Pilotless Planes Earn Their Wings in 21st-Century Warfare

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"We have struck several terrorist training camps, we've damaged most of the airfields—I believe all but one, as well as their [al Qaeda] anti-aircraft radars and launchers," Secretary of Defense Donald Rumsfeld said in a news briefing on Tuesday.

As pilots finish attacking the original list of targets, the next wave of attacks is expected to focus on "emerging targets"—terrorist troops and equipment on the move.

Finding and destroying emerging targets requires sensors and continuous surveillance. This is where UAVs enter the picture. These planes can hover over and spy on enemy sites for as long as a day or more on a single tank of gas. A Predator can remain airborne for 24 hours, while the more sophisticated Global Hawk can complete missions lasting up to 40 hours.

While cruising at a leisurely 84 miles an hour (155 kilometers per hour), the Predator can survey enemy territory and transmit a continuous stream of photos and video to command centers on the ground for use in planning air and ground assaults. The photos have a resolution of up to several inches—good enough to count individual people, see the color of objects such as clothing, and monitor convoys, although not capable of identifying specific individuals (such as suspected terrorist Osama bin Laden).

Predators also have a major advantage over satellites because they can fly beneath cloud cover that blinds the orbiting sensors. Predators also carry radar that enables the craft to produce pictures of enemy territory around the clock. The planes are relatively quiet and their engines burn cooler, making them difficult to detect.

Toward More Advances

Despite their fearsome name, Predators are actually somewhat vulnerable. The early models now available lack a defense system, which might be overcome in newer models. Recent U.S. tests experimented with arming Predators with missiles. The Air Force is also developing a laser guidance system specifically for the Predators.

"The next step is to design an armed unmanned vehicle specifically for combat," said Obering. But, he stressed, there is still the need for human operators to control the planes and "pull the trigger." He said, "These planes are not robots."

UAVs have been used since the Vietnam War, but once the war ended few were manufactured and the fleets of them are still quite small, Cote said.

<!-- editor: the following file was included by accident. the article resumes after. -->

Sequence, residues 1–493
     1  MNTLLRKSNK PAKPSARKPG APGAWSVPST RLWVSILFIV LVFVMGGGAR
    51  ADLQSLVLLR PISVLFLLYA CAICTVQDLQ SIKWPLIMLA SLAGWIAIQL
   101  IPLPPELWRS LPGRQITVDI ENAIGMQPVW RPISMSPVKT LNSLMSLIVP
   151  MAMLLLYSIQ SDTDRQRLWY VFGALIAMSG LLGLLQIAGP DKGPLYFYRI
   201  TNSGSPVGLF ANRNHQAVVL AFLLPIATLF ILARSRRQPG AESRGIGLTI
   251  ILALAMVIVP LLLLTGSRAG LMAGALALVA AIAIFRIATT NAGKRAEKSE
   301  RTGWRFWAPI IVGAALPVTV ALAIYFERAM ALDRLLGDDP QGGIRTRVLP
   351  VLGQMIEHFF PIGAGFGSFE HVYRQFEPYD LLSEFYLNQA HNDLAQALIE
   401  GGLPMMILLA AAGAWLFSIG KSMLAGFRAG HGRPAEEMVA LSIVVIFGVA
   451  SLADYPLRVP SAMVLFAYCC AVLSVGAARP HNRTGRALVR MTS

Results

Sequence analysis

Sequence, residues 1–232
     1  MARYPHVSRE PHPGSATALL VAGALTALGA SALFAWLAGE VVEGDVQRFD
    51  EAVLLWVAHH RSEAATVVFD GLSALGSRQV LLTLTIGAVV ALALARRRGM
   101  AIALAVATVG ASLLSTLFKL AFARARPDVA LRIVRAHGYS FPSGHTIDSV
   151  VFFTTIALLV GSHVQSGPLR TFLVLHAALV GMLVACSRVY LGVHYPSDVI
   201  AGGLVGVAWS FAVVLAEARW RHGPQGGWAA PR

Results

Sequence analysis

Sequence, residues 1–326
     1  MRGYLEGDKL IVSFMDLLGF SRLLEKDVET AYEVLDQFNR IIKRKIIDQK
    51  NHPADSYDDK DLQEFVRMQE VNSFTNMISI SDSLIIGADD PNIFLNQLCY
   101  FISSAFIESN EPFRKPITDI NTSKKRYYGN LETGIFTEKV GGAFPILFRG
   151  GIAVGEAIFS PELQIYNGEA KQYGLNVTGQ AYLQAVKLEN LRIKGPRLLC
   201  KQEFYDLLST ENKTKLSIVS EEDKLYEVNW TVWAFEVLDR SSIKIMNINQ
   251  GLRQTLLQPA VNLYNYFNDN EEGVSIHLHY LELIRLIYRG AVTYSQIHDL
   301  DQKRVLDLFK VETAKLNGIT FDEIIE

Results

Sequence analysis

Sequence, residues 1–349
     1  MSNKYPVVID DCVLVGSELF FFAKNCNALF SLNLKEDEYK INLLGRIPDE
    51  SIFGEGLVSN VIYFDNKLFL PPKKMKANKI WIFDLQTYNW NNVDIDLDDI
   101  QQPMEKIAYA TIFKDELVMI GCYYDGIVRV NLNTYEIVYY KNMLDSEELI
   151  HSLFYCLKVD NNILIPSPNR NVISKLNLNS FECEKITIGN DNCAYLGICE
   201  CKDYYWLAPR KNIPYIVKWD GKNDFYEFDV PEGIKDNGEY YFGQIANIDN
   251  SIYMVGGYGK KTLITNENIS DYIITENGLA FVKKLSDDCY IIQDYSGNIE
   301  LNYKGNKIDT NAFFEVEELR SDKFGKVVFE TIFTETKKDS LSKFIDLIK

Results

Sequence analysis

The Air Force was initially slow to embrace them, he explained, because they were not highly critical in the Air Force's traditional strategies of attacking fixed targets. UAVs are especially advantageous in finding and tracking moving targets, which requires greater coordination with other armed services.

UAVs also threatened the Air Force culture. "The Air Force is dominated by pilots who fly in harm's way and risk their lives," said Cote.

Flying a Predator is not the same as being in the cockpit—it's a little like flying a model plane. The operator sits in front of video screens and uses a joystick, pedals, and keyboard to maneuver the plane through take-off, flight, and landing. Another person operates the sensors, such as radar or camera.

The UAVs make it possible to conduct missions that the Air Force might otherwise be reluctant to carry out.

As their advantages are increasingly recognized, UAVs are becoming a popular addition to the Air Force's aircraft fleet.

The planes have already proved their worth during military operations in the Balkans, where they were able to spot troop movements in Bosnia and Kosovo and convoys of moving tanks.

The U.S. Air Force currently has a contract with General Atomics Aeronautical Systems Inc., the Californian company that manufactures the Predators, for 77 of the planes. Obering said the Air Force also has four Global Hawks and would eventually like to add up to six Hawks a year to build the fleet to about 60.

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